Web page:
Kitty May Hutchison
I was indeed sorry to be informed that Kitty May Hutchison died recently in Montecatini Terme, Italy.
As the attractive daughter of photographer W J Brunell, Kitty modelled for her father in many of his 1920s motoring pictures and, as a youngster, she drove a Roesch Talbot for which she designed the bodywork) in the Monte Carlo Rally. She married wealthy Ken Hutchison and was a firm supporter of his racing and rallying, the latter notably with Allard cars.
Kitty was no mean driver herself. She had a fine sense of humour, on one occasion giving her views as the wife of a rally-driving husband in these pages.
In recent years she and Ken had lived abroad, touring from hotel to hotel. Hutch took great pride in the enormous mileages his aged Mercedes-Benz was surviving. Kitty told me after his death that she doubted she would ever return to England.
She passed away peacefully and is buried beside her beloved ‘Nonie’.
I feel very sad. W B
Somewhat belatedly we mourn, and pay tribute to, Alan Hawker Chamberlain (‘Bob’ to his wide circle of friends), who has died in his native Australia at the age of 84. He will be remembered here for his meticulous rebuild of the 1903 L48 racing Napier ‘Samson’, which unsuccessfully contested the famous Match Race at Brooklands against Nazzaro’s Fiat in 1908. Having found one of its several engines, Bob set about this painstaking restoration, visiting the Science Museum for the original drawings. He brought the great car to a Brooklands Reunion and at one time thought of giving it to the museum there, though he eventually decided against it.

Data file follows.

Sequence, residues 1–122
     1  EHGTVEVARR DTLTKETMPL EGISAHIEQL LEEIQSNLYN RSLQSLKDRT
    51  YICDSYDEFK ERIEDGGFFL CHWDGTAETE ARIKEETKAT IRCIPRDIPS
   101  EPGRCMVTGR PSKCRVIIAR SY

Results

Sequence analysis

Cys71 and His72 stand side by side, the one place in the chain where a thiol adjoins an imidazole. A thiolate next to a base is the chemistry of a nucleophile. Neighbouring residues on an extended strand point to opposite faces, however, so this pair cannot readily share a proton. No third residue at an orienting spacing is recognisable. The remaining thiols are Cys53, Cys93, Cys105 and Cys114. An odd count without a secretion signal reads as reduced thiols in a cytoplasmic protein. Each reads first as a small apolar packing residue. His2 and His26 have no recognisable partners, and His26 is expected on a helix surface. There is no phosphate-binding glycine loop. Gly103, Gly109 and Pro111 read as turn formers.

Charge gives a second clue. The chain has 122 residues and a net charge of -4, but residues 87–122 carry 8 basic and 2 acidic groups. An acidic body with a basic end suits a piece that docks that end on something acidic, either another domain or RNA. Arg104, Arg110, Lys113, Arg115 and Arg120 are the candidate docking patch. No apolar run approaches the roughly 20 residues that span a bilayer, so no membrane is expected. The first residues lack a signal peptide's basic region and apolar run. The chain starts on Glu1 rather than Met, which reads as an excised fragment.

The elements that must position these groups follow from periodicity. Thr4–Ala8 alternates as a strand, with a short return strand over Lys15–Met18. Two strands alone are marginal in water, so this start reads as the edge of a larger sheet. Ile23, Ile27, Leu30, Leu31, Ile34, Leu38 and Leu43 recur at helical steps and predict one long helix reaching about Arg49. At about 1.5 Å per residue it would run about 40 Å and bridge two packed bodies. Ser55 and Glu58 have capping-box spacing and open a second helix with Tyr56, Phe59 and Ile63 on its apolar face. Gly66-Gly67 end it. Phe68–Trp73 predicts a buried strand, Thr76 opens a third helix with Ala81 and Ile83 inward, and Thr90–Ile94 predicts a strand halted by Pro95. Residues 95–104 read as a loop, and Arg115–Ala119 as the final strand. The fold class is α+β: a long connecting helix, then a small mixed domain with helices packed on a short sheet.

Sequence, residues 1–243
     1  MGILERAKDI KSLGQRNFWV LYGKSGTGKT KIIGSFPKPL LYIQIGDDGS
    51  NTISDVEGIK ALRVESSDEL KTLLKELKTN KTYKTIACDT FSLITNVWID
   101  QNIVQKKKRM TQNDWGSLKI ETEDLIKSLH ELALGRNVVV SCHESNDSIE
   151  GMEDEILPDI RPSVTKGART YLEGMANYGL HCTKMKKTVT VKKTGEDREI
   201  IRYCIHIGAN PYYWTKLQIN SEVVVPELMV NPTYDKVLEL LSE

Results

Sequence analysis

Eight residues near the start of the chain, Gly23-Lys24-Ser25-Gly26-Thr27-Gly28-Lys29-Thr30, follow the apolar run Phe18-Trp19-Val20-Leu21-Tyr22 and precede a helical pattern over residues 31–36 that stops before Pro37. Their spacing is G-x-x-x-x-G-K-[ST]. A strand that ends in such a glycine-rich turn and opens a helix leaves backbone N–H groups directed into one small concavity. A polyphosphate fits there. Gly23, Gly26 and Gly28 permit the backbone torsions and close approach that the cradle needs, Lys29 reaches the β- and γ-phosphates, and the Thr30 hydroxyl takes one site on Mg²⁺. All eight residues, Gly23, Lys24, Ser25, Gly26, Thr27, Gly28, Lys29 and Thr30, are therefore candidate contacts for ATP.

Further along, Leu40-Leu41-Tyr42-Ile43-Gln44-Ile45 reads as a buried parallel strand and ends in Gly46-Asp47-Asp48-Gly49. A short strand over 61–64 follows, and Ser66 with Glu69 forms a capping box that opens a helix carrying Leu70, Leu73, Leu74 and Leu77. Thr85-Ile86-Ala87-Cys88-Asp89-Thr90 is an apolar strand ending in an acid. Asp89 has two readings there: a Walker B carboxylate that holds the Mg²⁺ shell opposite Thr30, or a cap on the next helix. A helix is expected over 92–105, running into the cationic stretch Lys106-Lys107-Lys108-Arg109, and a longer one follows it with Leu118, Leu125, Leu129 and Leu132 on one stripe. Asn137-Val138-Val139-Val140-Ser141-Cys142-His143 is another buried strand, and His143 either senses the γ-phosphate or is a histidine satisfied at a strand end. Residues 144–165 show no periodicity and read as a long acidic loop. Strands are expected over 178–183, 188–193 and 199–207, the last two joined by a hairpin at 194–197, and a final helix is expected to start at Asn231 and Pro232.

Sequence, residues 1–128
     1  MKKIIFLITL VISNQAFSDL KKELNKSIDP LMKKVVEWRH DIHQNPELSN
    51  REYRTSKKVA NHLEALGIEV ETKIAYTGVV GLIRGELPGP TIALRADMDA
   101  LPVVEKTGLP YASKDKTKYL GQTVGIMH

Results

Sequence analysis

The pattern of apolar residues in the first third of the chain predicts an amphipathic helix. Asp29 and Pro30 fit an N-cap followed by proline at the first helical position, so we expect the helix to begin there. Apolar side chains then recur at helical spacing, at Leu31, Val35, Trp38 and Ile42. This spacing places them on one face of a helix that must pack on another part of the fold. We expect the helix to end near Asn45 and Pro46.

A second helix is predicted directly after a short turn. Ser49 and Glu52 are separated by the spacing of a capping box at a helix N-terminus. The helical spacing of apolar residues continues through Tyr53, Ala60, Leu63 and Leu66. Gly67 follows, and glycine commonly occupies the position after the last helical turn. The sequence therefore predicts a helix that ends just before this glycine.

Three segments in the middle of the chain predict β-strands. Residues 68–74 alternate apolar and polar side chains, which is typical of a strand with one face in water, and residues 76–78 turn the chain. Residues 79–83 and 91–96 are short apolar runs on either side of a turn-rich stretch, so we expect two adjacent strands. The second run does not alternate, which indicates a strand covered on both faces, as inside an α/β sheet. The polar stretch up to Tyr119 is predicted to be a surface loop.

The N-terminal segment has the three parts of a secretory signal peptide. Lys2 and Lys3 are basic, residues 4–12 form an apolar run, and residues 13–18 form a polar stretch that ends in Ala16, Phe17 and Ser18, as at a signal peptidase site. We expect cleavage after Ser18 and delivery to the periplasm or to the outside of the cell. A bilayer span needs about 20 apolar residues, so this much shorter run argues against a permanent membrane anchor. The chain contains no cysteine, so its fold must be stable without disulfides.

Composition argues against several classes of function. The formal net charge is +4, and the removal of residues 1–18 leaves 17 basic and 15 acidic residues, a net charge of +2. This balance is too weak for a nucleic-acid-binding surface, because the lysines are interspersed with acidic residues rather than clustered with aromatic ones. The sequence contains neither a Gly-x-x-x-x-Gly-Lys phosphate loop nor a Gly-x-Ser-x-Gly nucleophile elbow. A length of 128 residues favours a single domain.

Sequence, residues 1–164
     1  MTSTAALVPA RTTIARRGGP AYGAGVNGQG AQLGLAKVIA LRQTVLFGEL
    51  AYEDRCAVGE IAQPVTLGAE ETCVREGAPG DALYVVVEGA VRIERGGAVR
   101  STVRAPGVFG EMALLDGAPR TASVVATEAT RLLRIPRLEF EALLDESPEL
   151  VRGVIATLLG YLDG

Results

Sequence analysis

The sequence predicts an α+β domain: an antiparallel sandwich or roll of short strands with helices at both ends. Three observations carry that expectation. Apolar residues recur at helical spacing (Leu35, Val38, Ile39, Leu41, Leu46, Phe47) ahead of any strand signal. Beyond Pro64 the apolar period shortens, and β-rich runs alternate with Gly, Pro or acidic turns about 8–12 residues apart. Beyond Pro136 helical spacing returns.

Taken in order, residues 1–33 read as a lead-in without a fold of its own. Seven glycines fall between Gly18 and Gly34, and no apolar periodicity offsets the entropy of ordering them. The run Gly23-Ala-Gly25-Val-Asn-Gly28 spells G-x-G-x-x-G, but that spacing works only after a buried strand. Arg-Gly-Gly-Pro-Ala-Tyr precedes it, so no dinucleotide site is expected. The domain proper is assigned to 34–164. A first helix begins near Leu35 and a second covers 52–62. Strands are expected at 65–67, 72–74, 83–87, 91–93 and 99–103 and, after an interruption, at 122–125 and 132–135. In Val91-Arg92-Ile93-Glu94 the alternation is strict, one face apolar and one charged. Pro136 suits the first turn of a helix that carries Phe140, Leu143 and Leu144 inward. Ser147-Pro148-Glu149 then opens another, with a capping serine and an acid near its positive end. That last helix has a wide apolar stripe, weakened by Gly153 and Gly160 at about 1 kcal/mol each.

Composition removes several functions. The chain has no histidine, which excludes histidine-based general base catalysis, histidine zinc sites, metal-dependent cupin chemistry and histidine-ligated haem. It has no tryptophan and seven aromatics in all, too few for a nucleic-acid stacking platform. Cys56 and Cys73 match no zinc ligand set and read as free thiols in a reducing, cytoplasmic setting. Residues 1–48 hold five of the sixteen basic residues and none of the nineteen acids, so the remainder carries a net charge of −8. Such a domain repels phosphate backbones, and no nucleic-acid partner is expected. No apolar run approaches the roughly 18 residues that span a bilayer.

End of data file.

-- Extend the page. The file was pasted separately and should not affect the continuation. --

The son of the sister of Harry Hawker, the celebrated test-pilot, Bob spent some years in the Hawker household. He was part of the Chamberlain engineering business that supplied pistons, some three million per annum, to the motor industry. He built the two-stroke Chamberlain Specials and was restoring two Prince Henry Benzes at the time of his death; both these and the Napier were auctioned recently in Australia. The car work was done in a small factory at Port Melbourne, Bob having sold the one in which he made ball-and-roller bearings (he was the first to do so in Australia).
I shall miss the letters I received from Bob Chamberlain, recalling Hawker’s arrival ‘Down-Under’ with the Sopwith Tabloid, his ill-fated Atlantic flight, with much inside information about that and the big Napier. A skilled engineer and a gentleman, it is seldom that one meets anyone as enthusiastic and knowledgeable about his hobby. W B